Searching over 5,500,000 cases.


searching
Buy This Entire Record For $7.95

Download the entire decision to receive the complete text, official citation,
docket number, dissents and concurrences, and footnotes for this case.

Learn more about what you receive with purchase of this case.

State v. English

Court of Appeals of Iowa

June 20, 2018

STATE OF IOWA, Plaintiff-Appellee,
v.
WARREN ANTHONY ENGLISH, Defendant-Appellant.

          Appeal from the Iowa District Court for Polk County, Odell G. McGhee II, District Associate Judge.

         The defendant appeals from the district court's denial of his motion to suppress.

          Andrew B. Duffelmeyer and Thomas A. Hurd of Glazebrook & Hurd, L.L.P., Des Moines, for appellant.

          Thomas J. Miller, Attorney General, and Katherine M. Krickbaum, Assistant Attorney General, for appellee.

          Considered by Vaitheswaran, P.J., and Potterfield and Tabor, JJ.

          POTTERFIELD, JUDGE.

         Warren English appeals from the district court's denial of his motion to suppress. English maintains the evidence obtained during the search of his vehicle should have been suppressed because his consent to the search was not voluntary pursuant to the Iowa Constitution. Additionally, he claims trial counsel was ineffective for failing (1) to challenge the duration of the stop as unconstitutional and (2) to advocate for a change under the Iowa Constitution requiring consent to be knowing in order for it to constitute a valid waiver.

         I. Background Facts and Proceedings.

         At approximately 2:45 a.m. on December 20, 2016, Officer Brian Kelley noticed a vehicle being driven without a rear license plate. Officer Kelley initiated a stop of the vehicle and approached the driver-side window. A man-later identified as English-was driving the vehicle, and a female passenger sat in the front seat. Officer Kelley questioned English's lack of rear license plate and also asked for English's driver's license, registration, and proof of insurance. He asked the passenger for her identification as well. While English located the documents, the passenger volunteered the information that she had been walking and English picked her up to take her home. Officer Kelley later testified the passenger appeared to be nervous.

         The officer returned to his police vehicle to run both identifications through the police records system and learned the woman had previously been convicted of prostitution. He then returned to the passenger side of the vehicle and had the woman step out. As she did so, Officer Kelley noticed a pocket knife and a condom that had been placed in a holder in the passenger-side door. At the suppression hearing, Officer Kelley testified that, in his experience, people engaged in prostitution often carry both items. Additionally, he testified he initiated the stop in an area known for higher levels of illegal drugs and prostitution.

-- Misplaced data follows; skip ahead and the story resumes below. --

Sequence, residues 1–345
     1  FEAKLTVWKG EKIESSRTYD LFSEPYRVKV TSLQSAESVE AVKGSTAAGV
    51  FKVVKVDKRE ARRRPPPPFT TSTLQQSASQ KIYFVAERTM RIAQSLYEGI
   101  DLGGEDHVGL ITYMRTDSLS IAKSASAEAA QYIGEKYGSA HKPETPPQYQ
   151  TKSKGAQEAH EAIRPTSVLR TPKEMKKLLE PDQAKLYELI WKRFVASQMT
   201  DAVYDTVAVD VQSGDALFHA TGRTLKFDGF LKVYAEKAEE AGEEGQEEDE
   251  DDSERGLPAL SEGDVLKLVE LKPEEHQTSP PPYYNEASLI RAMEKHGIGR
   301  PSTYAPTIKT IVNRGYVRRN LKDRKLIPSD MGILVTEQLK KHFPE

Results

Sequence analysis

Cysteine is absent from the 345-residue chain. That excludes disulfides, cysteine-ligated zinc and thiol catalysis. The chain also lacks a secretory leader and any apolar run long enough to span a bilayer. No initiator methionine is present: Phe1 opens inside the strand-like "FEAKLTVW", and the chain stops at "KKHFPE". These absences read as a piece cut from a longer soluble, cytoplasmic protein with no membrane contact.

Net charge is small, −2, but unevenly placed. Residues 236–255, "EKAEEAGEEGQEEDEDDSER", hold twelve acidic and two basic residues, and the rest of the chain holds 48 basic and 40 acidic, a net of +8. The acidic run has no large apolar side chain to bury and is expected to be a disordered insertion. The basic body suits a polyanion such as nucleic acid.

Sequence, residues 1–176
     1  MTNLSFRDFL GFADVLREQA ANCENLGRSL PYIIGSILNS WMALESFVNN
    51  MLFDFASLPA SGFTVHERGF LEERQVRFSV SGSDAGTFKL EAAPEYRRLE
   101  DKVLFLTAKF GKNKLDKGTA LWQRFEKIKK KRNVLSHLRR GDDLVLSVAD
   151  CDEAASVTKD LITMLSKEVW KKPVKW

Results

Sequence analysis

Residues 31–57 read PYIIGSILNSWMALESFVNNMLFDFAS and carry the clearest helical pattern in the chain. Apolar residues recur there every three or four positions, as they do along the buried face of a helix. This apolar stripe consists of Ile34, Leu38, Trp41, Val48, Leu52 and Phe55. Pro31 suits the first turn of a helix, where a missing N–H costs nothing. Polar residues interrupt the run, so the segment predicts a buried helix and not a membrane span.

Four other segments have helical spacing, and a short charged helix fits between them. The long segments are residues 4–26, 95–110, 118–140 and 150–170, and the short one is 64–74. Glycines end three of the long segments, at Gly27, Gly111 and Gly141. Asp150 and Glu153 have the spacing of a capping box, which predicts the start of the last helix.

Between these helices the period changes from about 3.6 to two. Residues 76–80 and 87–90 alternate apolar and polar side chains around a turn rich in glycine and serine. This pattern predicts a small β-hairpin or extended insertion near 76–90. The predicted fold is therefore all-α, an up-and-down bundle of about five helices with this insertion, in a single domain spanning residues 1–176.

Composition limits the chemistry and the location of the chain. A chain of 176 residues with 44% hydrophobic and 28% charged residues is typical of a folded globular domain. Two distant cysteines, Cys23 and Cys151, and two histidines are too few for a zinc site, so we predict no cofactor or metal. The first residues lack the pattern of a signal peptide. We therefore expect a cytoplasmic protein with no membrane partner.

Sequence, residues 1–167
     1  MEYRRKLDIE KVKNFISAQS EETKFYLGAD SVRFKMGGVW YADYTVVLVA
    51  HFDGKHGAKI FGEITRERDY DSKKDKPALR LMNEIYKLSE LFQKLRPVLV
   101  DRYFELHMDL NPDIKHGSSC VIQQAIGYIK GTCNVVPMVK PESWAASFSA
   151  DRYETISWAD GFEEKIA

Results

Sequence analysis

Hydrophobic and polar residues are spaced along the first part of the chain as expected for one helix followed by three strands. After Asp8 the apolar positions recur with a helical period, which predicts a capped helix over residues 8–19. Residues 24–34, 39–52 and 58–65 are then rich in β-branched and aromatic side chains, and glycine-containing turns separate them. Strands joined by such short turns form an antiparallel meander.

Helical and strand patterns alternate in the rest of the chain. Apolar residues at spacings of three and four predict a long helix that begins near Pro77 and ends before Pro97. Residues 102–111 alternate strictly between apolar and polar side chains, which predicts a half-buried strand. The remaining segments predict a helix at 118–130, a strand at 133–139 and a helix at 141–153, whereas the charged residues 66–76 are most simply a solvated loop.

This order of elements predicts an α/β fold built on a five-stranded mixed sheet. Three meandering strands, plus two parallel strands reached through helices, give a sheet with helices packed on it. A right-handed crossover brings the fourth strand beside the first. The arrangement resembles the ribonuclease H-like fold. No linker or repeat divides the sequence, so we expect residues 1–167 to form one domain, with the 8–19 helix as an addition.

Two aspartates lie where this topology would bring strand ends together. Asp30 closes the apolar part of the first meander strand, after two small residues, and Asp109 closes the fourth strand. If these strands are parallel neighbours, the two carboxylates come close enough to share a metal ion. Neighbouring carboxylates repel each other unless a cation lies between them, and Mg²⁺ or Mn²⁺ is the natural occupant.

After speaking with the woman, Officer Kelley returned to the driver-side window and had English step out of the vehicle. The officer and English stood near the front of English's vehicle; Officer Kelley asked English if he had any weapons on him, and English stated he did not and then lifted his arms. The officer conducted a pat down search of English. English stated he had recently left a pinochle party and was just riding around. The officer asked English if he had cash on him; English said he did not, and the officer asked if he could check his wallet, which English allowed him to do. When asked, English stated he had known the female passenger for years "just from being around." English was able to provide the first name of the woman but did not know her exact last name.[1] English told the officer he had seen the woman out walking and was giving her a ride home. When Officer Kelley responded that English was driving in the wrong direction to take the woman to her home, English responded that he knew that and was "just rolling right now." Officer Kelley then told English the woman had been convicted of prostitution and that a condom was sitting in the passenger door. English denied the condom was his and denied knowing how it got there.

         Officer Kelley then asked English if "there was anything [he] needed to know about, anything illegal" in the vehicle. English responded, "No, nothing, " and Officer Kelley asked if he could "take a look." English responded, "Yes, you can." The officer told English to step back near one of the squad cars-other officers in other cars had arrived sometime during the stop-and then conducted a search of the vehicle. Officer Kelley located a cigarette container with two small bags of marijuana in it under the driver's seat. English was then placed under arrest. English was later charged with possession of a controlled substance (marijuana), second offense.

         English filed a motion to suppress, alleging his consent to search the vehicle was not a valid waiver of his rights because it was not voluntarily given. After a hearing on the motion, the district court denied it, stating, in part: "The Court finds that the requested consent search of the defendant's vehicle did not create[] an environment so coercive that it rendered the consent invalid." The court also denied the suppression motion on the alternative ground of inevitable discovery.

         English waived his right to a jury trial and proceeded to a bench trial on the stipulated minutes of evidence. He was found guilty and sentenced to a suspended ...


Buy This Entire Record For $7.95

Download the entire decision to receive the complete text, official citation,
docket number, dissents and concurrences, and footnotes for this case.

Learn more about what you receive with purchase of this case.